This is the second hypothetical in our series showing how well-intentioned employers can violate unfamiliar state laws.
A manager of a Chicago, Illinois restaurant calls you regarding a long-term employee whose son is in the U.S. Marines. The employee would like to take a month off work to spend time with his son before he departs for Iraq. The employee does not have any unused vacation or other form of leave available under the Company’s policies. The manager advises that the employee’s performance is average, but a 30-day leave would negatively impact the restaurant’s operations during the busy summer months. You advise the manager that the Family & Medical Leave Act does not apply because neither the employee nor his family member suffers from a serious health condition, and the Uniformed Services Employment & Reemployment Act (USERRA) is inapplicable because that statute only protects employees who are, themselves, in the military. You further inform the manager that it is permissible to deny the employee leave and that the manager should apply the Company’s attendance policies consistently to all employees. The manager denies the employee’s leave request, and the employee decides that spending time with his son before he goes to war is more important than any job. The employee advises the manager of his decision, and the manager terminates the employee.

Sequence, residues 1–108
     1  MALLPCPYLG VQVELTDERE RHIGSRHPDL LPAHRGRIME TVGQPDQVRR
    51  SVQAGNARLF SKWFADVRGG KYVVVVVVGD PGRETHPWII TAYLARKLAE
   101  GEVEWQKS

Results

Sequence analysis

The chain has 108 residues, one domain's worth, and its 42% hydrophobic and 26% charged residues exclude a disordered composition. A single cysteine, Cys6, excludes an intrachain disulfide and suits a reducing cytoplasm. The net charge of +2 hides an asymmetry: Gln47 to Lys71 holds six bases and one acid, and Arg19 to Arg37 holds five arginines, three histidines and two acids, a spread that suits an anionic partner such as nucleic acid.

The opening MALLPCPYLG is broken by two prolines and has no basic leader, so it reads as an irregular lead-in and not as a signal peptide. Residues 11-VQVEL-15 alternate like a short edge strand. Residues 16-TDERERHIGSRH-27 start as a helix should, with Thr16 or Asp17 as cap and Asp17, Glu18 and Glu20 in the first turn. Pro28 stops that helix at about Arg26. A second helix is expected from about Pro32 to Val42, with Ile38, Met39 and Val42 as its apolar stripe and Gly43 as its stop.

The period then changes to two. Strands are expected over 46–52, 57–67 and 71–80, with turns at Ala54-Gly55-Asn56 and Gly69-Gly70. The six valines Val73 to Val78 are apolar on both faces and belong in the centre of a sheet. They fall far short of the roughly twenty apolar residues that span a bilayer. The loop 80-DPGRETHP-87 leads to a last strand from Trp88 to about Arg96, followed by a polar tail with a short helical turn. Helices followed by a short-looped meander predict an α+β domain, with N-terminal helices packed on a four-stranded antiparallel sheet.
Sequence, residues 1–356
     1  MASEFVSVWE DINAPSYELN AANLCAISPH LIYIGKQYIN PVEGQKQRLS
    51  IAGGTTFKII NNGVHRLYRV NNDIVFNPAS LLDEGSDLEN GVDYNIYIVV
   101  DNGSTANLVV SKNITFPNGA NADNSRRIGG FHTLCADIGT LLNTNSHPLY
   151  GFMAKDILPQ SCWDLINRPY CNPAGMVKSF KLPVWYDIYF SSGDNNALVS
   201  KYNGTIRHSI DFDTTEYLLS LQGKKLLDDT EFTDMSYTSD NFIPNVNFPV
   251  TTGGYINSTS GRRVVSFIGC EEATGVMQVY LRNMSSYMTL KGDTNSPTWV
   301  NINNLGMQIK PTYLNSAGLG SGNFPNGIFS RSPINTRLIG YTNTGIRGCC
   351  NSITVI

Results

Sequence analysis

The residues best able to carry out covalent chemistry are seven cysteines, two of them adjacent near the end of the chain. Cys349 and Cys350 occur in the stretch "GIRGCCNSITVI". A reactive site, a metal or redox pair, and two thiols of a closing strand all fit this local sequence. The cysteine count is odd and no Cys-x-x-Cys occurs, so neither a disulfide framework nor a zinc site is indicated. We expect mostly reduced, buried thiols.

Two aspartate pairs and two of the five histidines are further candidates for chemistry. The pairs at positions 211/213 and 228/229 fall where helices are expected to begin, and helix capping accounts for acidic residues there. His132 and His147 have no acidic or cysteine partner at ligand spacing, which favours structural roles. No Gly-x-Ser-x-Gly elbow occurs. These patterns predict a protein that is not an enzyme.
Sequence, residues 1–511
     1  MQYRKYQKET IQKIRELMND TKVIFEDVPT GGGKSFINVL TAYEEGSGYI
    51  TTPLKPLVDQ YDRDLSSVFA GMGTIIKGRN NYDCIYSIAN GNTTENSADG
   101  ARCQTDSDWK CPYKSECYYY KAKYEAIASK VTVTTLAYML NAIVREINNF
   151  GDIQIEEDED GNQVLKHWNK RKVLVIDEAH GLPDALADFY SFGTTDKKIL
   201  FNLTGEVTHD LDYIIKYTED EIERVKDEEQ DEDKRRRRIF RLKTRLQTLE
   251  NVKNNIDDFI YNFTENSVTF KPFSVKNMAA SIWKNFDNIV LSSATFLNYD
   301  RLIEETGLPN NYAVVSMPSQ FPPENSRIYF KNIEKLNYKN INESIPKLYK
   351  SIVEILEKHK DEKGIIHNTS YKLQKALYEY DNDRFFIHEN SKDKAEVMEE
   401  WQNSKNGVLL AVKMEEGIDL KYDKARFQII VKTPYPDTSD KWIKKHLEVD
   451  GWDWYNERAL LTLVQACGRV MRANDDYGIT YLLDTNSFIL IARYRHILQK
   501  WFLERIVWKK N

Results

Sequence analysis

The employee brings suit against the Company under the Illinois Family Military Leave Act, which provides up to 30 days of unpaid family military leave to employees whose spouse, son, or daughter has been called to military service lasting longer than 30 days with the State or United States pursuant to the orders of the Governor or the President of the United States. See 820 ILCS §151/1, et seq. The Company has no defense, and the Court orders the Company to reinstate the employee and grants the employee other equitable relief.